Ng was duly disqualified and Hoy went on to win the heat. The second round went without a hitch, but in the final his opponents were at it again.
When the starting pistol sounded, New Zealand’s Sam Webster raced to the front, pushing Hoy, who was below Webster in the starting line-up on to the track’s blue ribbon. This in turn pushed Awang off the track and the ripple effect saw the final restarted.
On the second start it was German Maximillian Levy who bust a gut to get in front of Hoy and take the prime position behind the derny. Hoy’s competitors know how he likes to win the keirin from the front, and how hard he is to pass when he does, and none of them were about to let him have that crucial position.
But it mattered not. Once the derny had swung off, Hoy waited for riders to come over the top of him before using their momentum to catapult himself to the front with a little under two laps to go. Once at the front it was a case of hanging on.
In Hoy’s prime his opponents can barely hold his wheel, but he is not in his prime, and Awang, a tiny but exceptionally quick sprinter from Malaysia was closing in on Hoy as the line approached. Thankfully the Scot held on, and for all their talk of focusing on the process rather than the medals at the end, there were some relieved looking GB coaching staff in the track centre once Hoy had won.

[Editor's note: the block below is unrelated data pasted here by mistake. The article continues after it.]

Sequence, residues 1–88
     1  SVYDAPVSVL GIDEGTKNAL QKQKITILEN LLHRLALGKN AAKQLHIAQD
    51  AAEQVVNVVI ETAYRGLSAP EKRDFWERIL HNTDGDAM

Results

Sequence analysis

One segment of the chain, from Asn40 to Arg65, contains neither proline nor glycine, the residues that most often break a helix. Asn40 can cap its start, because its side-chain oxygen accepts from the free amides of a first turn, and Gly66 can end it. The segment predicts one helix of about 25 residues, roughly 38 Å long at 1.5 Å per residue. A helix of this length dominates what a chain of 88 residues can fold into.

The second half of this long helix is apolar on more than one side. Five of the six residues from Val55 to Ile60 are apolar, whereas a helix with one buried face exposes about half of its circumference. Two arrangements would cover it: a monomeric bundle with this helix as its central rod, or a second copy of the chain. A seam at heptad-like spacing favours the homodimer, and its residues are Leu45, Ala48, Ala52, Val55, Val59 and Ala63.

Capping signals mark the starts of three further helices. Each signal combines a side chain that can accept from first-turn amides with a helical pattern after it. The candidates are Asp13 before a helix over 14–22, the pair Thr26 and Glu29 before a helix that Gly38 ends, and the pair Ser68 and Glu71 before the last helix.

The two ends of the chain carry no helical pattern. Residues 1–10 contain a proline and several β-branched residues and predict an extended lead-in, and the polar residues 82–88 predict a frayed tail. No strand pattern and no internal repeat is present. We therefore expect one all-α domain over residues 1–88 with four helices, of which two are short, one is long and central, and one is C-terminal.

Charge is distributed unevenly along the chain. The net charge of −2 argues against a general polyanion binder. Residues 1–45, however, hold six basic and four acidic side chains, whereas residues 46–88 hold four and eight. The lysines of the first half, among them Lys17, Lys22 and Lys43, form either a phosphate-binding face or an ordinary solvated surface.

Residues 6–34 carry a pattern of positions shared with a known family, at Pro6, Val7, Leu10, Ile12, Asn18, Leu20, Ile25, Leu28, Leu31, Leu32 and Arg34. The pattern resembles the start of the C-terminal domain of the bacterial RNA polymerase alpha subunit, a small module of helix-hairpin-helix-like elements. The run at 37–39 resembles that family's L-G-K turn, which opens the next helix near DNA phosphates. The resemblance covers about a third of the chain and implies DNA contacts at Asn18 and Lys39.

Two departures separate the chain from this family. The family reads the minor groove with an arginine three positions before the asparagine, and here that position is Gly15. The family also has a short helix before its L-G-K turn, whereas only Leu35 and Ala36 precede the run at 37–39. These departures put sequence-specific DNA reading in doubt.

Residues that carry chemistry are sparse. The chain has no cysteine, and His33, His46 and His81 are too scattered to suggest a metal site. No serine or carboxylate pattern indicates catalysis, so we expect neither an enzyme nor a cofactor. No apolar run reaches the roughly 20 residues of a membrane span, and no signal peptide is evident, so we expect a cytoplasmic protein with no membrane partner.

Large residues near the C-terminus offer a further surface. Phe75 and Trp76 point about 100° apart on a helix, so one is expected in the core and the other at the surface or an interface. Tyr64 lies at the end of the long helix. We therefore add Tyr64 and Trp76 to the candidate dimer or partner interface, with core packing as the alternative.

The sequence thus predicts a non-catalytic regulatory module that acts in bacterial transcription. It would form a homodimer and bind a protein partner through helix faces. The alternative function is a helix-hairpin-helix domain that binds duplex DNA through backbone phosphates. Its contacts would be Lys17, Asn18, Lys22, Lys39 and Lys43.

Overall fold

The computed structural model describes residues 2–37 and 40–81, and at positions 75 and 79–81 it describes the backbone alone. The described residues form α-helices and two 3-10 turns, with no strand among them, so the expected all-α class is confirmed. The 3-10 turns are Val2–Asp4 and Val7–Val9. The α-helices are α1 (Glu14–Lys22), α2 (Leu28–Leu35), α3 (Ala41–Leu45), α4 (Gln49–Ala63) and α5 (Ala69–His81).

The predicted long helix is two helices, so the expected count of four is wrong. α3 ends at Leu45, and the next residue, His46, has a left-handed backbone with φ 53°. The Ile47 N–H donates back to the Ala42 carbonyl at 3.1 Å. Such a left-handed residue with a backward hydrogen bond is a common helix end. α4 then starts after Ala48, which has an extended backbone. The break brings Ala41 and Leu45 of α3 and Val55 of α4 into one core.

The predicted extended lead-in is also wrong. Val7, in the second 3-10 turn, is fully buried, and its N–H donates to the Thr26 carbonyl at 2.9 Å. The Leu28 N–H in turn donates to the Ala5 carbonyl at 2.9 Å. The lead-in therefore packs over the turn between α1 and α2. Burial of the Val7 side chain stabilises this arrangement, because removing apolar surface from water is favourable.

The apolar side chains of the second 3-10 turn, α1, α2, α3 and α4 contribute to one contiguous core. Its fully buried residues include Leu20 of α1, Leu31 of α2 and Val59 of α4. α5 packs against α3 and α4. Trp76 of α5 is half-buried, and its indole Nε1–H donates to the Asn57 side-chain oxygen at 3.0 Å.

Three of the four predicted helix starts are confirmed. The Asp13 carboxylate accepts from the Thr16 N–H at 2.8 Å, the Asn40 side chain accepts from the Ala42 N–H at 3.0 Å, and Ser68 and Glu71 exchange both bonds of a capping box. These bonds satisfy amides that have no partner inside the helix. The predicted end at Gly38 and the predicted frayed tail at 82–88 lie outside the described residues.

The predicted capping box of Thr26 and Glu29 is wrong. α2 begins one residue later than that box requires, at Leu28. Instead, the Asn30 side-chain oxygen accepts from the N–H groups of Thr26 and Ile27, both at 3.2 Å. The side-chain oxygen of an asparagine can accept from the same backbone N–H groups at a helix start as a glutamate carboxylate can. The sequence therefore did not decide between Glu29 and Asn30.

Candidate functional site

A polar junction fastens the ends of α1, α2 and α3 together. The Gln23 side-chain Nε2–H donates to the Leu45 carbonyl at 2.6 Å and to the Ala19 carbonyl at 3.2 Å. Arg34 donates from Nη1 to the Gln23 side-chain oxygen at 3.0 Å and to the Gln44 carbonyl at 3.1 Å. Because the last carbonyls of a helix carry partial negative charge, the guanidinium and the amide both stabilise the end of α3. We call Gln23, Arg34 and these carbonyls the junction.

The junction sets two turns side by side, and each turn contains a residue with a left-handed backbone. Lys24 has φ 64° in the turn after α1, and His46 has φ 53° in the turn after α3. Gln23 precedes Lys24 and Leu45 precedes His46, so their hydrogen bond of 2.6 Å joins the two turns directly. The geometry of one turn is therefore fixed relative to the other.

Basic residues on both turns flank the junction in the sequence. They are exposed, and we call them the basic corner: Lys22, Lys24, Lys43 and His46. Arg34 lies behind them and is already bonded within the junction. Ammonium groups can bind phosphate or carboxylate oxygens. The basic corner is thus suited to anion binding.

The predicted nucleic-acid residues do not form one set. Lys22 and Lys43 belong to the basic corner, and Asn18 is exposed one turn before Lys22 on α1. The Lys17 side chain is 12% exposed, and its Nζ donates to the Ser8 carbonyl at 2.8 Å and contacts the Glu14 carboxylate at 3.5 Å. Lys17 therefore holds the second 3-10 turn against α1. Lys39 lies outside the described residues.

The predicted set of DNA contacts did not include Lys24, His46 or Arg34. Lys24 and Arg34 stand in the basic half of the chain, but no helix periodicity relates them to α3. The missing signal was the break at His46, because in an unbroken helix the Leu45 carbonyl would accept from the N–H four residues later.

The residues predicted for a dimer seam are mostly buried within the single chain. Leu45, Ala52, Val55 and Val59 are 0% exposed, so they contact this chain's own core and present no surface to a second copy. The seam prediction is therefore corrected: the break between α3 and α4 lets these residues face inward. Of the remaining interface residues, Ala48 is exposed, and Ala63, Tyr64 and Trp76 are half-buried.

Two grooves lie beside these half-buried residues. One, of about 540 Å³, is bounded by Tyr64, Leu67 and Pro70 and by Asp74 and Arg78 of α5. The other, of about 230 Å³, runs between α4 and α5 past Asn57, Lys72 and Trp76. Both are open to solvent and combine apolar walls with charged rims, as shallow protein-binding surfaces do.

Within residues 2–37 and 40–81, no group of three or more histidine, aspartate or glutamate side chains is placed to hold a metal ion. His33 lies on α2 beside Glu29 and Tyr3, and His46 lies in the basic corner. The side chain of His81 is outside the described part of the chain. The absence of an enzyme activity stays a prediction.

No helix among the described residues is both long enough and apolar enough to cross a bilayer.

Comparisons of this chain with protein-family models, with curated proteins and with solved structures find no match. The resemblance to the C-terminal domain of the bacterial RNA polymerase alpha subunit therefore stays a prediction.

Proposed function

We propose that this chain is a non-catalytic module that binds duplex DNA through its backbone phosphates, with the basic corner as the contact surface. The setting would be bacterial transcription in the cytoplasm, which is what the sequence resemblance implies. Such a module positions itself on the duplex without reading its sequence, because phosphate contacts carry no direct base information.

The British trio of Wendy Houvenaghel, Jo Rowsell and Lizzie Armsitstead ride to a silver medal
WORLD TRACK CHAMPIONSHIPS BRIEF RESULTS
Men’s individual pursuit
Taylor Phinney (USA) 4:16.600 bt Jesse Sergent (NZL) 4:18.459
Jack Bobridge (AUS) 4:18.066 bt 4. Alexander Serov (RUS) 4:21.263
Women’s team sprint
Australia (Anna Meares, kaarle McCulloch) 32.923 bt China (Jinjie Gong, Junhong Lin) 33.192
Lithuania (Gintare Gaivenyte, Simona Krupeckaite) 33.109 bt Great Britain (Victoria Pendleton, Jessica Varnish) 33.593
Women’s team pursuit
Australia (Ashlee Ankudinoff, Sarah Kent, Josephine Tomic) 3:21.748 bt Great Britain (Wendy Houvenaghel, Jo Rowsell, Lizzie Armitstead) 3:22.287
New Zealand (Rushlee Buchanan, Lauren Ellis, Alison Shanks) 3:21.552 bt United States (Dotsie Bausch, Sarah Hammer, Lauren Tamayo) 3:24.571
1. Chris Hoy (GBR)
2. Azizulhasni Awang (MAS)
3. Maximillian Levy (GER)
7. Matthew Crampton (GBR)
Men’s scratch race
1. Alex Rasmussen (DEN)
2. Juan Carvajal (Col)
3. Kazuhiro Mori (JPN)
5. Chris Newton (GBR)
2010 Track World Champs: Reports/results
Day two: Thursday, March 25
Day one: Wednesday, March 24
Day one: Meyer and Meares put Aussies on top of the world
2010 Track World Championships: Results
Day one as it happened (text coverage): Wednesday, March 24
Houvenaghel qualifies second fastest in pursuit
2010 Track World Champs: Photos
2010 Track World Champs: News and features
Track cycling: Information
International track results 2009-10
International track results 2008-09
International track results 2007-08
CW’s Dummies Guide to… Track Racing
Cycling Weekly Rider Profiles: Index